Tax officials to work from offshore company owned by Tories

Tax officials to work from offshore company owned by Tories

The Guardian can reveal that HM Revenue and Customs has agreed to relocate tax officials into a new office complex in Newcastle owned by major Conservative party donors through an offshore company based in a tax haven.

The proposed new home in the north-east of England is part of a regeneration scheme developed by a British Virgin Islands BVI entity controlled by billionaire property tycoons David and Simon Reuben.

The deal will see officials at the government department responsible for preventing tax avoidance working from a site owned by a subsidiary of a company based in a secretive offshore tax jurisdiction.

The family members and businesses of Reuben donated a total of 1.9 million to the Tories. The brothers have been reported to have shared a table with Boris Johnson at an exclusive Tory party fundraising dinner earlier this week.

On Tuesday, officials including Cabinet Office Minister Steve Barclay announced that HMRC had agreed a 25 year lease with one of the Reuben brothers companies.

According to the Sunday Times'rich list, the brothers are the second richest family in the UK. Jamie Reuben's son is a close ally of the prime minister and has served as a Tory party treasurer. Since Johnson entered Downing Street, he has donated more than 750,000 to the party.

The Reuben family has a significant presence in Newcastle in recent years and is part of the controversial Saudi Arabia-led consortium that acquired Newcastle United football club in October.

The family has used BVI companies to hold its UK business interests, which include a luxury London property portfolio and a string of racecourses, according to company filings.

A spokesman for HMRC said the office complex in Newcastle is owned and will be developed by a UK company, Reuben Brothers Newcastle Limited. Companies House filings show the company's sole shareholder when it was incorporated earlier this year was Taras Properties Limited in the BVI.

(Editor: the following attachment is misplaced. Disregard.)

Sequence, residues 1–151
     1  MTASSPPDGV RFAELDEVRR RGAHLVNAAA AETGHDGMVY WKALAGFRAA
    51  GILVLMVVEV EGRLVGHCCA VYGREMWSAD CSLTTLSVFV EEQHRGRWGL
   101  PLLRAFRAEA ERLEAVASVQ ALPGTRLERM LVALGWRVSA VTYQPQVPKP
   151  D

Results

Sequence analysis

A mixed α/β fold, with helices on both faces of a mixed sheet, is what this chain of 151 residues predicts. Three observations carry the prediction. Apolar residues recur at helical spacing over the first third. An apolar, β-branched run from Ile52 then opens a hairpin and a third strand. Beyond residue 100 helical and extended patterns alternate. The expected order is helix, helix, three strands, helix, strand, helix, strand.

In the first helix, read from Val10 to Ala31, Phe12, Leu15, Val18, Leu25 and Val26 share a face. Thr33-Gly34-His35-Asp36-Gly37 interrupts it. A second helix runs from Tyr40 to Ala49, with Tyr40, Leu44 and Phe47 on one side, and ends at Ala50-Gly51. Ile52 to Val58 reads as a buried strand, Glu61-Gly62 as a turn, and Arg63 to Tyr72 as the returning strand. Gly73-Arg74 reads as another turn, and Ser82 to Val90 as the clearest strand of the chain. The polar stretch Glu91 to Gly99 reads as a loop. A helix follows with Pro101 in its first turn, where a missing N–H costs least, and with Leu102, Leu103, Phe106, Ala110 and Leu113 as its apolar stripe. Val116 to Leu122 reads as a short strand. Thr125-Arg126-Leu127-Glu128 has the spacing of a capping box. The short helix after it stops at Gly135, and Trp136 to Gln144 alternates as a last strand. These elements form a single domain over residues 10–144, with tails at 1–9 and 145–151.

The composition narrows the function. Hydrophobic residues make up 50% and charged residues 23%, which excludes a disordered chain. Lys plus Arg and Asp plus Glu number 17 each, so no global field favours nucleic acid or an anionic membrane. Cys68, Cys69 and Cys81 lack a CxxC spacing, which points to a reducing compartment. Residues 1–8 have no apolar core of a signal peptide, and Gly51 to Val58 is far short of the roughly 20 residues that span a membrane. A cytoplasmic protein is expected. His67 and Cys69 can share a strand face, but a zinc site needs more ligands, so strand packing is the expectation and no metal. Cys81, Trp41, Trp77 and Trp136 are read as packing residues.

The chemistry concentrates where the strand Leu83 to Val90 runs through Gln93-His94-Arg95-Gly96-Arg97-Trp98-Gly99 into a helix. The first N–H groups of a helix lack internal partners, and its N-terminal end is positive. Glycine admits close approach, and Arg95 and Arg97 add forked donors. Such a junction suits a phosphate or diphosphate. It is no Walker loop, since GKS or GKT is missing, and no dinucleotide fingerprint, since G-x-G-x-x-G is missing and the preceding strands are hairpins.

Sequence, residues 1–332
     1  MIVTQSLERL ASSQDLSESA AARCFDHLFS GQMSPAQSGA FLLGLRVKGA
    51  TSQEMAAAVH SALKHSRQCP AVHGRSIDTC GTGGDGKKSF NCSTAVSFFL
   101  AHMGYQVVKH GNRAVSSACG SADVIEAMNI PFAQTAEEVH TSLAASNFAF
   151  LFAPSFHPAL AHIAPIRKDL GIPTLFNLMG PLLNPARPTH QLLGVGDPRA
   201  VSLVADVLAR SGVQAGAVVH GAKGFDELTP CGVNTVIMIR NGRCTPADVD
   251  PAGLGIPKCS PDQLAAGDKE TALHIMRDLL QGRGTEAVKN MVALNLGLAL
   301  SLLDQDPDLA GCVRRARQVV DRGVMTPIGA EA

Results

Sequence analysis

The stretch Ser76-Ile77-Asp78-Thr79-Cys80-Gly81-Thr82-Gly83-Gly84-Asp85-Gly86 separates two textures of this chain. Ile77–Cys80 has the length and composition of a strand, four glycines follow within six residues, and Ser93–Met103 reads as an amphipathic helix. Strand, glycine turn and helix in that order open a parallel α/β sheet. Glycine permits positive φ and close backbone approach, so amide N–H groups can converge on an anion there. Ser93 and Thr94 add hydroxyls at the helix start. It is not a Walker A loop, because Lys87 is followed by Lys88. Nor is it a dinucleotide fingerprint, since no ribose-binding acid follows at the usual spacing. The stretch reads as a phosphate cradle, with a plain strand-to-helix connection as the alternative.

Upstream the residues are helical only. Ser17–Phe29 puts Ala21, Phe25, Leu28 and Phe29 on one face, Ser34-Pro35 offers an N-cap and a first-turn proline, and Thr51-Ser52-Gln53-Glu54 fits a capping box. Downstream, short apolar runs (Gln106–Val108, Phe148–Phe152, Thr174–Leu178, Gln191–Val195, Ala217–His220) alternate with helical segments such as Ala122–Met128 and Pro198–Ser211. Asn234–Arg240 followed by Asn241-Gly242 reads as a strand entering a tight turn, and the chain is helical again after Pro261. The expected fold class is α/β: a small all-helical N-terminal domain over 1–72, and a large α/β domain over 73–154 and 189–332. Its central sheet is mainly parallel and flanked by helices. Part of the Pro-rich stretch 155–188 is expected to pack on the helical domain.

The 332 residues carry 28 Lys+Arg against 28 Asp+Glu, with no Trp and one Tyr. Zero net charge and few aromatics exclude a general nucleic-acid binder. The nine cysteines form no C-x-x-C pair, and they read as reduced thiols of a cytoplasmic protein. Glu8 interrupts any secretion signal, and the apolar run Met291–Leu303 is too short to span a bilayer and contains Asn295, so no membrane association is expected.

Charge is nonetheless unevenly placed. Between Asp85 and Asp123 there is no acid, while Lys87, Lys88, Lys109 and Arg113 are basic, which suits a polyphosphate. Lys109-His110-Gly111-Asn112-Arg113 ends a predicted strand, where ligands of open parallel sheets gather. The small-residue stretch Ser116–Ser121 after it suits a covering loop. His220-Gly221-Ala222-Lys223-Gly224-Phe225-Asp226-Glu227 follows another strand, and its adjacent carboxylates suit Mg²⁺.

In 2013, Taras Properties acquired the site and transferred ownership of the land to the UK company in June this year for 10 m, according to Land Registry records. The BVI company owns several large plots of land in central Newcastle in the area surrounding HMRC's planned offices.

A spokesman for the Reuben brothers confirmed that the UK company is held by Taras Properties but insisted the subsidiary operates and pays taxes as a UK company HMRC spokesman said the Reuben brothers company would be subject to normal UK tax regulation. The lease payments and any gains on the sale are subject to UK tax, they said. HMRC is happy that the deal represents the best value for the taxpayer. There is no suggestion that the Reuben brothers are doing any wrong and owning UK property through offshore companies is perfectly legal.

The bill, first published in 2018, is intended to clamp down on the use of offshore companies to obscure owners identities and their source of funds.

The aim of combatting offshore tax avoidance is to combat offshore tax evasion and avoidance, and earlier this year the department unveiled plans to crack down on offshore tax avoidance by targeting UK-based entities that are facilitating the sale of avoidance schemes using tax havens.

In response to the move, Dame Margaret Hodge, a Labour MP and Chair of the cross-party parliamentary group on anti-corruption and responsible tax, said it was outrageous that HMRC should be using taxpayers money to benefit someone that relies on offshore structures based in tax havens.